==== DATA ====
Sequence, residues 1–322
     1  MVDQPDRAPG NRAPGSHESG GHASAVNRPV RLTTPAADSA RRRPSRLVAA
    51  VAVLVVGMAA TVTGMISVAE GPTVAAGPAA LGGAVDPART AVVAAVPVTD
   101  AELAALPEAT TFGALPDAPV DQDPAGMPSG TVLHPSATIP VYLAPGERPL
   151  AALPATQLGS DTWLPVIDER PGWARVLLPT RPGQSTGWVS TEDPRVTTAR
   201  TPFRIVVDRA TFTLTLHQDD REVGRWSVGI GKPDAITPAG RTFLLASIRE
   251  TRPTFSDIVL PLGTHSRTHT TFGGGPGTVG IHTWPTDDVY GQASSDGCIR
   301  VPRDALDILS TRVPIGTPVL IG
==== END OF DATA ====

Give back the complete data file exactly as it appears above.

Sequence, residues 1–322
     1  MVDQPDRAPG NRAPGSHESG GHASAVNRPV RLTTPAADSA RRRPSRLVAA
    51  VAVLVVGMAA TVTGMISVAE GPTVAAGPAA LGGAVDPART AVVAAVPVTD
   101  AELAALPEAT TFGALPDAPV DQDPAGMPSG TVLHPSATIP VYLAPGERPL
   151  AALPATQLGS DTWLPVIDER PGWARVLLPT RPGQSTGWVS TEDPRVTTAR
   201  TPFRIVVDRA TFTLTLHQDD REVGRWSVGI GKPDAITPAG RTFLLASIRE
   251  TRPTFSDIVL PLGTHSRTHT TFGGGPGTVG IHTWPTDDVY GQASSDGCIR
   301  VPRDALDILS TRVPIGTPVL IG